But I wasn’t done yet. I had to get back down or I’d freeze once it became dark. Looking at the map I decided to follow the crest of the mountain. I realised I’d come out almost 4 km away from my actual destination, which was also on the crest, but of the next mountain! So I started again. Another hour or so in I found a radar transmitter which was for the airport, barely visible, down in the valley. At just that moment a small Cessna happened to take off from there. It looked tiny, almost ant-like!
Eventually I did reach Pedtsheling Goenka. It’s a building that houses only young monks and some of their teachers. One moment there was nothing, and the next it was right there! It sort of opened out from inside a cloud as I was walking towards it. The whole place was misty. There were a few kids playing around in the distance and a monk was sitting on some steps nearby staring me. I can’t imagine what must’ve been going through his head: a dirty, muddy and sweaty Indian teenager, walking into his monastery with two dogs. I took my dogs to nearby a hand pump and gave them some water after which I filled up my bottle too and drank noisily, just like them. I just sat for a while recovering from the fatigue. My poor dogs were exhausted too. They just flopped down next to me.
It was going to be dark in two hours and I had to get down soon, so I asked the monk there if he knew an easier way down. He pointed me to a shortcut that they usually took down to the nearest village for supplies. He said that would put me on the path that I was originally meant to take, which would then take me back to the Swiss Guest House. I set off, down some very steep steps cut into the side of the mountain. Progress was slow, because my dogs were finding it difficult on all fours. But we eventually reached the village and got back to the path we were supposed to be on. From here the dogs perked up again. I took this to mean they knew the way back, so every fork we hit on the road I simply followed them without hesitation. Once, we even went completely off the main path but I still stuck to my dogs. And bless them, they even made sure I was keeping up with them. I was nervous about where we were but fortunately, we found some woodcutters to ask for directions and they confirmed we were headed the right way.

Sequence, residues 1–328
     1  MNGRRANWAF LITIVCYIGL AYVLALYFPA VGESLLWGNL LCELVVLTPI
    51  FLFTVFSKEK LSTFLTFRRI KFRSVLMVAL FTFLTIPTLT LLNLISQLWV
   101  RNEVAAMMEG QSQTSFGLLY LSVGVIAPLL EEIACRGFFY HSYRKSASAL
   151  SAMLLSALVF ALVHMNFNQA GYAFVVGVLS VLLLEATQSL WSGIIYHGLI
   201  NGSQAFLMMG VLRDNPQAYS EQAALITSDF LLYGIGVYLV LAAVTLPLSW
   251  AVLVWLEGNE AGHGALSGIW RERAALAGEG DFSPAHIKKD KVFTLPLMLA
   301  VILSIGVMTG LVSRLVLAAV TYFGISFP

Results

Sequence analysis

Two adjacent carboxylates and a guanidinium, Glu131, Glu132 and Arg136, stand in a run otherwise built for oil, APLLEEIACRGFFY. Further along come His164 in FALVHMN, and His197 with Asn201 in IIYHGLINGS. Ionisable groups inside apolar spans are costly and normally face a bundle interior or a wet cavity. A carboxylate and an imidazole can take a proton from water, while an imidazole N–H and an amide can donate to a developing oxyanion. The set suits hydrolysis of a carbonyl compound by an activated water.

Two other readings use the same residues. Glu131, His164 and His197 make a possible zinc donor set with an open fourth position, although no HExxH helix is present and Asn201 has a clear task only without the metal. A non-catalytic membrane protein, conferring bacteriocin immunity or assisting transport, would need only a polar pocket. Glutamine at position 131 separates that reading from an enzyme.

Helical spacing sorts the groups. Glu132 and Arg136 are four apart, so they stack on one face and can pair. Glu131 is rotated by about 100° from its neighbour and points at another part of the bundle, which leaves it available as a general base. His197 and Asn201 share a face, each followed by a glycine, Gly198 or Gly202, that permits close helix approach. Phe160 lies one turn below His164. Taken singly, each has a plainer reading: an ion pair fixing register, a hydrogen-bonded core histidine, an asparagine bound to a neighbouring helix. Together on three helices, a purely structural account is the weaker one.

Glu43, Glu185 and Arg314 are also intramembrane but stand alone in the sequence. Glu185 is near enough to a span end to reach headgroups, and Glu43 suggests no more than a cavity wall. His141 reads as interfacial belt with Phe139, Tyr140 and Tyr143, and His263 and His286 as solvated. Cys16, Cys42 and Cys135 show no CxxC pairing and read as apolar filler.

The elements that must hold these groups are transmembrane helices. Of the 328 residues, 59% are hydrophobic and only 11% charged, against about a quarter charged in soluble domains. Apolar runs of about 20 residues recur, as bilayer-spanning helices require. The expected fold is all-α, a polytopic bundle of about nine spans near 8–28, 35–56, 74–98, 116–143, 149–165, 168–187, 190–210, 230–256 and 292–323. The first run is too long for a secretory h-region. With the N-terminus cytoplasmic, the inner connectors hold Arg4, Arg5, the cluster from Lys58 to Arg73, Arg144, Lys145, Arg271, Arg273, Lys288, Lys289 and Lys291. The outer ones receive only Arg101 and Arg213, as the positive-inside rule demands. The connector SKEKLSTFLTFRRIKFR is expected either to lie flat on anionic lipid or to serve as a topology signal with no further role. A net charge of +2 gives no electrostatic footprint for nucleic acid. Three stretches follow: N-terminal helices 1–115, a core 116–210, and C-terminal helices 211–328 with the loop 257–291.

Eight hours later, on what was supposed to be a four-hour trek, I limped back into the Swiss Guest House. The lady on seeing me again, immediately pulled me into the kitchen (despite me protesting that I was filthy and still had wet mud on my boots), sat me down, and gave me some hot tea with home-made cheese and biscuits. There are these people you meet while travelling sometimes, that you never ever forget. Two years later, I remember her with the same fondness. Her dogs, even more so. They never left me once through that entire madness of a trek. I like to think I took them for a really extreme walk.
She was hosting a travelling monk at the same time who offered to take me to the nearby monastery, through a shorter path back to the village I was staying at. I hugged her in thanks, hugged and kissed each of my doggies goodbye and went along with the monk. He took me to see the evening prayers in session with over a thousand monks chanting and meditating together. Around 9 we parted ways and I headed down to the village.
My day wasn’t done yet though. I headed straight to the bus station. My feet were killing me by this point and each step hurt. Like the last time I was hoping to get an empty seat on the bus onto Mongar and if possible to Trashigang. I reach there and find that all the three buses coming there had been delayed by landslides and were expected to come in only around 2 am. So I headed back to the hotel, filled a bucket with hot water and just soaked my feet for an hour. At 10:00 pm I headed to a restaurant next to the bus station, ate a big dinner and camped there till the buses came. At midnight, closing time, the owner kicked me out and I just sat there freezing my ass off for another two hours. Why do this, you ask? The thing is, there were many people who were looking to get onto those buses. And obviously, that would mean that if seats were available it would be first-come-first serve. So just in case the buses came in early, I had to get to the driver first.
Two hours later the buses came in, looking just as pathetic as I did after my trek. There were 5 available seats over all three buses that night. I got the last one.
My Bhutan trip up till this point.